On a recent conference call, Morgan Creek Capital Management’s Mark Yusko pointed to a forecast from GMO’s Jeremy Grantham that for the next seven years, the S&P 500 is expected to produce negative real returns.
The good news is that GMO also predicted positive real returns for emerging markets and commodities. Sometimes investing in traditional areas expected to provide the highest returns requires stomaching volatility. One way to reduce that volatility is with an alternative approach.
First, let’s remove misconceptions that alternative investments work both in bull and bear markets. While that may be the objective for some strategies, better long-term risk-adjusted returns remain the overall goal. This can be accomplished through a variety of ETFs such as market- or beta-neutral, dollar-neutral or relative-value, long-short and any form of either long or short bias.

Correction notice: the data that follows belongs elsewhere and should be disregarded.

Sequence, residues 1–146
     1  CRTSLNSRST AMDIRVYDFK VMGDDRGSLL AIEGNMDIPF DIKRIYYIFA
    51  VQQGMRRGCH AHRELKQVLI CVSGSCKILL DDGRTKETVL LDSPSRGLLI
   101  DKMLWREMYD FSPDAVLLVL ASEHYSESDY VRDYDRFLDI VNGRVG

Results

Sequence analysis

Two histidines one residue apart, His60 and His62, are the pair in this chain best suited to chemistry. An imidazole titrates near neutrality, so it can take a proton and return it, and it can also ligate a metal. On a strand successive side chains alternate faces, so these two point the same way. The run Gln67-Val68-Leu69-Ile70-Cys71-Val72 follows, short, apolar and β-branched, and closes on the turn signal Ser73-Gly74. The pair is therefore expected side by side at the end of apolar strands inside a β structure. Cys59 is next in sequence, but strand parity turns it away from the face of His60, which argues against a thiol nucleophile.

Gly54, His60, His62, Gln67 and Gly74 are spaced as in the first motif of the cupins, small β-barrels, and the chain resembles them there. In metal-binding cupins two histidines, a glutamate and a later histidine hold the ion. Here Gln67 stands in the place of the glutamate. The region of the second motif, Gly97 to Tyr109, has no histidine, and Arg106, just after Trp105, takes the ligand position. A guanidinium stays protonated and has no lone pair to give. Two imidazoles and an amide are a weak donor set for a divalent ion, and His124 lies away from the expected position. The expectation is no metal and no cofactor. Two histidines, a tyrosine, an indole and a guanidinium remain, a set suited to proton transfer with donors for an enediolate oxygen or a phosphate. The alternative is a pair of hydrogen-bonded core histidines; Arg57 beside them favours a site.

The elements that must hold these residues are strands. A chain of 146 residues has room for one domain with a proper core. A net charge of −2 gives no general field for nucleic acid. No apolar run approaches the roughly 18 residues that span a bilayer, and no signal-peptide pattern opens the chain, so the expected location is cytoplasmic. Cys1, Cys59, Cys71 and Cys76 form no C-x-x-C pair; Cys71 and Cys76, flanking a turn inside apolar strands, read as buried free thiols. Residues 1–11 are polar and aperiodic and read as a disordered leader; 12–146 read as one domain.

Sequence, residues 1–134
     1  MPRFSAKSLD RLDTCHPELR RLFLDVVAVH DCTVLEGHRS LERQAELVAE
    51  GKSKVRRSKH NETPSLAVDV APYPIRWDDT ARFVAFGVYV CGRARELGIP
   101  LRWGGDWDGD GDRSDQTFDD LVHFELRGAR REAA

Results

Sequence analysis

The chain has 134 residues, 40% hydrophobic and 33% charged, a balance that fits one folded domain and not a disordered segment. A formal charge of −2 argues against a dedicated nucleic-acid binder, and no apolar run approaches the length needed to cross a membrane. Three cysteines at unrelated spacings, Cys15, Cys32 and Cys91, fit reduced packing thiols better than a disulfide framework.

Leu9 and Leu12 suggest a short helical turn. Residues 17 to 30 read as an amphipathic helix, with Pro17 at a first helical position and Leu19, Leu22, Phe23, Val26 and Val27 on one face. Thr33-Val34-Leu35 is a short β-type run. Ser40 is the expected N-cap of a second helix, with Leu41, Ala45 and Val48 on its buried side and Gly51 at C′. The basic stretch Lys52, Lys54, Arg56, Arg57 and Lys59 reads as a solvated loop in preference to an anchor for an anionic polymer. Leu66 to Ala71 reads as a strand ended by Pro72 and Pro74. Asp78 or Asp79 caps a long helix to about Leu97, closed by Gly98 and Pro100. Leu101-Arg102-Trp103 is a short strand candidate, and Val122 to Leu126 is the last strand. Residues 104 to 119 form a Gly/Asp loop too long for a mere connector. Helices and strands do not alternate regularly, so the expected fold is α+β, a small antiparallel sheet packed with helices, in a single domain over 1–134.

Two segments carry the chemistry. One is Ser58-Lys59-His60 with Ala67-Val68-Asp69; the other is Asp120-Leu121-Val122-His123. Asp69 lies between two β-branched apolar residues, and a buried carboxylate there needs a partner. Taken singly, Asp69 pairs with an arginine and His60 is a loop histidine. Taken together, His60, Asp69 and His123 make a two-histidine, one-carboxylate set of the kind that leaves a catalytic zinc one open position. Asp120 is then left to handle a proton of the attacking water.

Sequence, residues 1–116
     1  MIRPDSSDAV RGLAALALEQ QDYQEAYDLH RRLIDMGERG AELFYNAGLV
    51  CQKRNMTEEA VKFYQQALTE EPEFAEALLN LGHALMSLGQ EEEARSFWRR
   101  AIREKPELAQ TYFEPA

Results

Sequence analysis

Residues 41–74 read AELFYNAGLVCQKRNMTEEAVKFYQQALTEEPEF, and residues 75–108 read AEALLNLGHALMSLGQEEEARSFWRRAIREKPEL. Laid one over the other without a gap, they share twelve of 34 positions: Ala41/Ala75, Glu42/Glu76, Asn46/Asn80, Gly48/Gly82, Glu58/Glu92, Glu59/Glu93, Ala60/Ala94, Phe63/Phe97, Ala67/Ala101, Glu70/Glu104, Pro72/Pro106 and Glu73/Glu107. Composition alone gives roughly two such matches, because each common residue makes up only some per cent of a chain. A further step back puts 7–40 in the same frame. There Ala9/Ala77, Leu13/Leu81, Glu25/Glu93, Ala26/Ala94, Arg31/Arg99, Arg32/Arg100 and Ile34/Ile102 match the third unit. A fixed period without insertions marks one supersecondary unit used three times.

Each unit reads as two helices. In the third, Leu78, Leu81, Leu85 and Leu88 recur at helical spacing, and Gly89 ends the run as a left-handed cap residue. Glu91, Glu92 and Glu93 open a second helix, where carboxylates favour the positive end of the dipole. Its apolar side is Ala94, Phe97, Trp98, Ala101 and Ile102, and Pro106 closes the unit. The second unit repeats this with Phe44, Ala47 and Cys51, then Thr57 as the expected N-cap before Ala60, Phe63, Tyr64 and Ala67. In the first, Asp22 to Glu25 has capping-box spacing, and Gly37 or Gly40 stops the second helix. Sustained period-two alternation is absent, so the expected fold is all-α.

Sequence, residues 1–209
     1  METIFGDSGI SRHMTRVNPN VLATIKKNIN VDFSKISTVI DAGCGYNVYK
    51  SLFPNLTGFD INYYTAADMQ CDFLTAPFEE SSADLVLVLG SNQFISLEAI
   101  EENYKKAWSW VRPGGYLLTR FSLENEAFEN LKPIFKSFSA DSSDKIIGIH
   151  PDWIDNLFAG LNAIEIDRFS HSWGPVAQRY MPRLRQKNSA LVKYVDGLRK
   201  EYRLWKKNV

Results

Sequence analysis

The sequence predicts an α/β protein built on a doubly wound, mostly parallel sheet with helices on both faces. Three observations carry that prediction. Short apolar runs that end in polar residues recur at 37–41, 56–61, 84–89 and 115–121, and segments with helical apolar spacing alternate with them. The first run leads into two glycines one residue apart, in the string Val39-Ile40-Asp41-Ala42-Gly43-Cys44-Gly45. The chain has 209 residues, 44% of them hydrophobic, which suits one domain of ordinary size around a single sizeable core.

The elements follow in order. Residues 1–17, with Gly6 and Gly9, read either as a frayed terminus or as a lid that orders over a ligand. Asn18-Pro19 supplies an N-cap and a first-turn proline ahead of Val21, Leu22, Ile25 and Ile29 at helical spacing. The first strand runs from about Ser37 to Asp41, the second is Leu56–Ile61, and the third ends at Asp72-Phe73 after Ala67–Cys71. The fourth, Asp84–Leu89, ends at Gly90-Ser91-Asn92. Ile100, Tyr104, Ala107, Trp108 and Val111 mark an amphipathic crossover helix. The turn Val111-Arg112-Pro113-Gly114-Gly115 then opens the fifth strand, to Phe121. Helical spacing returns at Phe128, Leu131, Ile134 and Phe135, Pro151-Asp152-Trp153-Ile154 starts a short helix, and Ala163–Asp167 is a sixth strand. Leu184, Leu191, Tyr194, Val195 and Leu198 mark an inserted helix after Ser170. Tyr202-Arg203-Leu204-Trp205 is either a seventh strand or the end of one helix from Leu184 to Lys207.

Among the most popular alternative ETFs are inverse and leveraged beta products. These funds shouldn’t be characterized as alternative solutions but rather as tools to accomplish an alternative approach. Despite existing negative feedback about the daily reset on leveraged ETFs—both long and short versions—such strategies work exactly as intended, although they should be used with a sophisticated model designed to incorporate the daily reset.
If searching for a do-it-yourself solution, then consider using a single beta inverse ETF as a hedge, but make sure a plan is in place when adjusting exposure, such as using a 50- or 200-day crossover signal that helps guide the hedging position’s size. Other options include actively managed equity short ETFs that can be used similarly to single beta inverse strategies, but with the goal to obtain shorting alpha through the manager’s individual stock selection.